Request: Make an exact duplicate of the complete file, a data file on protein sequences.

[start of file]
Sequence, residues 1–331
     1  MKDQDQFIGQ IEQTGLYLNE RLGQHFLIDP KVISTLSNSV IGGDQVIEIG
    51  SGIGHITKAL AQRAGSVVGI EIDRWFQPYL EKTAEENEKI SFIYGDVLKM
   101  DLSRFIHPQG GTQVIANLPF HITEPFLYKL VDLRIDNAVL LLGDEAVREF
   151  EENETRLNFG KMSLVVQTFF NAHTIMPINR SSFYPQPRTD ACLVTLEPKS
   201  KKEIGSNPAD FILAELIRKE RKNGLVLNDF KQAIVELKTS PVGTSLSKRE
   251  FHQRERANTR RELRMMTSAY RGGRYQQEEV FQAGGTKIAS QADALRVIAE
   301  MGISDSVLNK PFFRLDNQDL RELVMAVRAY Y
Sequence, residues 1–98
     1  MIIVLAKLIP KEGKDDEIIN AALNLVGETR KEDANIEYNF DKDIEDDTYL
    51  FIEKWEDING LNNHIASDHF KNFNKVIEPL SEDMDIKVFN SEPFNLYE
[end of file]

Sequence, residues 1–331
     1  MKDQDQFIGQ IEQTGLYLNE RLGQHFLIDP KVISTLSNSV IGGDQVIEIG
    51  SGIGHITKAL AQRAGSVVGI EIDRWFQPYL EKTAEENEKI SFIYGDVLKM
   101  DLSRFIHPQG GTQVIANLPF HITEPFLYKL VDLRIDNAVL LLGDEAVREF
   151  EENETRLNFG KMSLVVQTFF NAHTIMPINR SSFYPQPRTD ACLVTLEPKS
   201  KKEIGSNPAD FILAELIRKE RKNGLVLNDF KQAIVELKTS PVGTSLSKRE
   251  FHQRERANTR RELRMMTSAY RGGRYQQEEV FQAGGTKIAS QADALRVIAE
   301  MGISDSVLNK PFFRLDNQDL RELVMAVRAY Y
Sequence, residues 1–98
     1  MIIVLAKLIP KEGKDDEIIN AALNLVGETR KEDANIEYNF DKDIEDDTYL
    51  FIEKWEDING LNNHIASDHF KNFNKVIEPL SEDMDIKVFN SEPFNLYE